Entering the realms of Lofoten

From Trondheim, we embarked on a 10 hour long night train across and beyond the arctic circle, to Bodø. We slept as we could, in the 2 hours or maybe less of real darkness. It was funny to see the Sun going down and behind the horizon and, in a blink of an eye, see it again coming up on the other side.
We anxiously passed the arctic circle, in a land that seemed a vast plateau with scarce vegetation and clusters of old snow. After that, the train rushed downstream to its final descent and towards Bodø.
We had about 25 minutes to go from the train station to the ferry that would take us to Lofoten Islands.
The weather was not on our side, strong winds, threat of rain and barely any visibility in the horizons.
After 3 hours, the rocky and steep shores of the islands greeted us, revealing for short periods of time, their unsurpassed wild beauty.
We got off the ferry and rushed towards the tourist center to get a decent topographic map of the area. 
We did not want to stay much in Moskenes so we started the route up the mountains. There was only us and another French couple that decided to continue, curiously on the same track.
After a short stop for supplies, we continued on a track that would lead us to the Munkebu cabin, bound west of our position.
 Patches of Eriophorum vaginatum
Sørvågvatnet and the Norwegian Sea
We passed swiftly through a short area of spruce and we were soon under the naked sky, with no vegetation but for sparse clusters of moss and bare rock. 
We reached Munkebu cabin after 3 hours and decided to stop here because the weather didn't show any signs of improvement. A long day awaited us so we went to sleep quite early, at 7 pm.
The next day started the same way it ended. A foggy and humid sky with weak easterly winds. Not a great way to start a hike but we knew that the weather might improve later on. 
Munkebu cabin
From now on the track was becoming slightly more difficult, with abrupt descents and heavy ascents. Although the altitude profile is not impressive, there are large amplitudes which require a lot of effort and drains the energy stock very fast.
 View of Forsfjord
Later that day we met two exciting people that caught up to us while we were on a small break. Ola and Mariusz were heading the same way as we were and so we decided to climb together.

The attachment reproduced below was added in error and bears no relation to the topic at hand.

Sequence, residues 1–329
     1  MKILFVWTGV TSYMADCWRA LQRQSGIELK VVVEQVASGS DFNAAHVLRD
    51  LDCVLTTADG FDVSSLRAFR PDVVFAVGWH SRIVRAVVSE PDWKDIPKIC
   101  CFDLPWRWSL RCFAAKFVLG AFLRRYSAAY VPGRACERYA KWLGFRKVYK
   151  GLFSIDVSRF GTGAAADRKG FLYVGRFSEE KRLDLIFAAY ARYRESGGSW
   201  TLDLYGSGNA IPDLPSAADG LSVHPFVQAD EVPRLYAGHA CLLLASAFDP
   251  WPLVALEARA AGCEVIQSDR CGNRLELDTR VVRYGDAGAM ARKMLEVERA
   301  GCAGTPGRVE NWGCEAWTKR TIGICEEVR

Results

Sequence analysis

They told us their plan about their stay in Lofoten and how they wanted to visit other places in Norway. We were quite surprised when they asked us if we wanted to join them and we settled that we will give the idea a thought, considering that this would have completely changed our plans.
At about 15 pm we arrived at the top of Hermannsdalstinden. Luckily the weather improved and we feasted with a spectacular panorama of the entire island. Crests, steep slopes, dark blue fjords and the endless ocean were all together creating a magnificent vista of Norway's natural jewel. 
We spent more than an hour on top together with Ola and Mariusz, enjoying a nice coffee made on the spot and talking about all sorts of things.
View towards the southern part of Moskenes Islands
On the way down we decided that we will go with Ola and Mariusz on a trip that will take us across the whole of Norway's west coast.
We got separated because we wanted to camp at the shore of Forsfjord. An abrupt descent was in front of us and no matter how easy it seemed while we were on top, by the time we got to the water, we were almost exhausted.
Crossing the shore of Reinefjord
By the time we went to sleep, around midnight, no less than 16 hours had passed since we started hiking that day. It was probably the longest continuous hike we did up to that point. It did not matter that there was still light at midnight because we passed out exhausted. The next morning we had to find a way to pass the fjord and reach the village of Reine. We had an idea how to do that but we were too tired to make any more plans.


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